New York State has announced they are proposing to “shut off” Niagara Falls sometime in the next few years. You may be reacting like us. First of all, HOW do you shut off an insane amount of water flowing over a cliff, and secondly, WHY??
We’ll start by saying diverting all this water is surprisingly possible. It was done once before in 1969, to study the effects of erosion and basically to see what was underneath all that water. It was done with a cofferdam, a engineering marvel that creates a watertight enclosure around a certain area of the water to divert the flow, and in some cases pump the inside dry. The plan is the same as in 1969, to use a cofferdam to divert the water from American Falls over to the larger Horseshoe falls leaving the American Falls to go dry, or be dewatered.
Let’s just take a second and think of the size of this project. It’s estimated that 75,750 gallons of water flow over the American and Bridal Veil Falls per second. PER SECOND. We think that qualifies as an interesting engineering marvel.
As for the why part of the proposal to dewater the falls? This time the project is for safety reasons. New York State wants to repair the two stone-faced concrete arch bridges built in 1900, that give access to Goat Island. There were temporary repairs in 2004, but the main structure continues to erode.
There are people that remember when the falls last went dry in 1969. The Buffalo Newsrecounts the stories of what was found when the water dried up and the curiosity the falls became with NO water.
Right now the plan is only at the proposal stage, and hearings will be held about the process and plans for the bridges. There are many that oppose the plan to dewater the falls for the second time in less than 50 years. Could the cofferdam damage it’s surroundings? Would the sun on the rocks change them irreparably? Not to mention, the various opinions on the design of the bridge repairs.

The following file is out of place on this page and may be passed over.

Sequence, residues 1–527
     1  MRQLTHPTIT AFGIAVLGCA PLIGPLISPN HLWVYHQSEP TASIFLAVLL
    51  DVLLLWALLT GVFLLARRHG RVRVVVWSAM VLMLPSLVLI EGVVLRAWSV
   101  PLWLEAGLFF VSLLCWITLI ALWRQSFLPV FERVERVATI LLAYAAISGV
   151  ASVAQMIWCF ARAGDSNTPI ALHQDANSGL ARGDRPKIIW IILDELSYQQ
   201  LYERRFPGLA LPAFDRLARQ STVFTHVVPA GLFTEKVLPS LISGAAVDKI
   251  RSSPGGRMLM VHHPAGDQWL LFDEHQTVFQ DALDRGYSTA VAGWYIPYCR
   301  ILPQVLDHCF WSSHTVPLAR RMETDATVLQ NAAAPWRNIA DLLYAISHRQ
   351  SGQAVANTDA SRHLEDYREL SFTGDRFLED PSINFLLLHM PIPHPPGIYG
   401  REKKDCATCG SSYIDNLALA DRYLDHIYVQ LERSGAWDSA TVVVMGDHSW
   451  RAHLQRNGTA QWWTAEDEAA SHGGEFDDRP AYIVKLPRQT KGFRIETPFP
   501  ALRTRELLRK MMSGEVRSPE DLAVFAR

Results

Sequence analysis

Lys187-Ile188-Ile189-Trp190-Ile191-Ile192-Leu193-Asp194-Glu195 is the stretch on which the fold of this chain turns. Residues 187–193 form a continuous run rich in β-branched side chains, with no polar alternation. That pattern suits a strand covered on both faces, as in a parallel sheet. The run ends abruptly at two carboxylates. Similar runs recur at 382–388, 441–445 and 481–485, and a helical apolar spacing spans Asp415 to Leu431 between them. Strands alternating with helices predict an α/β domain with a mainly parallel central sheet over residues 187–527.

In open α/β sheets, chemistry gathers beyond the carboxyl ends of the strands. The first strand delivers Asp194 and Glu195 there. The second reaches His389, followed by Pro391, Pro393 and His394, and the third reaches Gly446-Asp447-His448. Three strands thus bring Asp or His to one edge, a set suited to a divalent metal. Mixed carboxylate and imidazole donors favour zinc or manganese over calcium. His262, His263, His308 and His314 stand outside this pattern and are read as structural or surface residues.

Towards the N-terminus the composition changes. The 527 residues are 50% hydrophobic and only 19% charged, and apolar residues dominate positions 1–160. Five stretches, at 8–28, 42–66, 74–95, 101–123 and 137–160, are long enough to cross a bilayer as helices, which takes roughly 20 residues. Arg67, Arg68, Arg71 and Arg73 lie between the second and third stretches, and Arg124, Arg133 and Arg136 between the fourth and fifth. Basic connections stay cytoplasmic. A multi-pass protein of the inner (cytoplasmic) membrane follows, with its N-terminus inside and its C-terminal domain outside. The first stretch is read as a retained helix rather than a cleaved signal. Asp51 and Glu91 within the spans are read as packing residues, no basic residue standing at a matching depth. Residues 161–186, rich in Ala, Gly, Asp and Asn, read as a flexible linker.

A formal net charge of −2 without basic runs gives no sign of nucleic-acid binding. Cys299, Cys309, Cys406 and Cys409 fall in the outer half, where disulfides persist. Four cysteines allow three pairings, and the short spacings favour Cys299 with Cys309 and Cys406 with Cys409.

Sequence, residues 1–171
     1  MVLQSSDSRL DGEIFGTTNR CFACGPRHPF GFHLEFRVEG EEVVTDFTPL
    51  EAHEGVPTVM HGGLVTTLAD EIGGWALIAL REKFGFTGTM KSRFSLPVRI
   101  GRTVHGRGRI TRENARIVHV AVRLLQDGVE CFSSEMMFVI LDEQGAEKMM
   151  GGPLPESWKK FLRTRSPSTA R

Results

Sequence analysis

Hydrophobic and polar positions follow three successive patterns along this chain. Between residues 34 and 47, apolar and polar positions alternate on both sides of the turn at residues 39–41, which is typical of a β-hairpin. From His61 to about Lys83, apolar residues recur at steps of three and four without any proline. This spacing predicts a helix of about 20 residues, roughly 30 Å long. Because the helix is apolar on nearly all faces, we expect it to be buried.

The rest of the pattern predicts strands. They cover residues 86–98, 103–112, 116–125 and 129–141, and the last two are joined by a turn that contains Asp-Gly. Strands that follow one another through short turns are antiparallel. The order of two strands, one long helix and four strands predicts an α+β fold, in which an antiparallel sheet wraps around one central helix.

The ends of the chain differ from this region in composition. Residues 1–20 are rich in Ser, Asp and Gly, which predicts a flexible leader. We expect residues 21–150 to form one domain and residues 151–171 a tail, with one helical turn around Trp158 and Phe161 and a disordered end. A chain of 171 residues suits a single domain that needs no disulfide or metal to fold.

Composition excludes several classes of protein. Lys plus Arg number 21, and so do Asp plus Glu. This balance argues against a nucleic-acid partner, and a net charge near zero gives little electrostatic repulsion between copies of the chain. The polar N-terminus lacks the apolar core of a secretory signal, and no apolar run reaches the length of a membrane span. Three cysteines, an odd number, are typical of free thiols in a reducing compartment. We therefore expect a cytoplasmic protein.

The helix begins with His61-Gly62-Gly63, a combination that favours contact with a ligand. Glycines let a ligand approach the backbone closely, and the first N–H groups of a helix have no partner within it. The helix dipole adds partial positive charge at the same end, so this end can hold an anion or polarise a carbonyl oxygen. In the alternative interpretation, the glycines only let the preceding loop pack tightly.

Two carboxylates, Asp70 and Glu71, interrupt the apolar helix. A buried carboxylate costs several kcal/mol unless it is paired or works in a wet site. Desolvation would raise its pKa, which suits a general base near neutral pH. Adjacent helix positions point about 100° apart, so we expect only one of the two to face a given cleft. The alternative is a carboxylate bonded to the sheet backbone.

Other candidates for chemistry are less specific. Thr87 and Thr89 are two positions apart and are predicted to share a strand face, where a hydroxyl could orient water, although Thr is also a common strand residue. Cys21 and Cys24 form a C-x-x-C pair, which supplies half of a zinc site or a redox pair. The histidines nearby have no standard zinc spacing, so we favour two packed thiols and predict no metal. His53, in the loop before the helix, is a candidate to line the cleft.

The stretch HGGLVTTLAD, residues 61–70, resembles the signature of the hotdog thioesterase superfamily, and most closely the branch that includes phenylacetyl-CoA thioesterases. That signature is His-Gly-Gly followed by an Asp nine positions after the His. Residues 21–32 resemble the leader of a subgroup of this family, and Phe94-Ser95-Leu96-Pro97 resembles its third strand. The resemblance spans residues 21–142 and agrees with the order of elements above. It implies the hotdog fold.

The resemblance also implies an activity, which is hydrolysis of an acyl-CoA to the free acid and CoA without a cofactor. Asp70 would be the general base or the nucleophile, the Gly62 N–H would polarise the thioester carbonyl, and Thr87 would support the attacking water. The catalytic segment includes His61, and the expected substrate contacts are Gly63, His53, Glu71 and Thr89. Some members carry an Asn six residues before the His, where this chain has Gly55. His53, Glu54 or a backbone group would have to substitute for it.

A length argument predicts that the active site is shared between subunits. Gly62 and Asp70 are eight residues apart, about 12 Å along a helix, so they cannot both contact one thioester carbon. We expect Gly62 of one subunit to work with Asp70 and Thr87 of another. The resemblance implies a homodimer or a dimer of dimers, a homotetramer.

We’ll be watching to see what is decided. We love nature, but we also love an epic engineering project, so we’re on the sidelines on this one. Watch some video below from the first dewatering in 1969, find out how a coffer dam is made, and get the full story via The Buffalo News.
Plus vote in our Twitter and Facebook poll as to whether you agree if Niagara Falls should be dewatered.
In a paper just published in The Astronomical Journaltoday, two CalTech scientists report compelling circumstantial evidence for the existence of “Planet X.” The mysterious ninth planet. Dr. Michael E. Brown and Dr. Konstantin Batygin base their evidence on extensive computer modeling focusing on the far reaches of the solar system, beyond Pluto.
The tip off comes in the form of six objects observed to be in some kind of orbital cluster. While they have wildly varying elliptical orbits, they all loop and tilt in the same direction. This kind of orbital tracking has been the tip of for the existence of other planets before. In fact, the orbit of Netpune predicted the existence of Uranus. Scientists put the odds of this type of orbital cluster happening naturally at a 1 in 14,000 to 15,000.
It is believed this ninth planet would be somewhere near the size of Neptune and somewhere around 10 times the mass of our Earth. That would dwarf poor Pluto.
The mindblowing aspect of Planet X is its distance. It would be somewhere around 20 billion miles from the sun at its closest, and in its farthest point it would be 100 billion miles. To give you context, Pluto is closest to the sun at 4.6 billion miles. With these kind of numbers it is estimated it would take an astounding 10,000 to 20,000 years to complete just ONE orbit around the sun.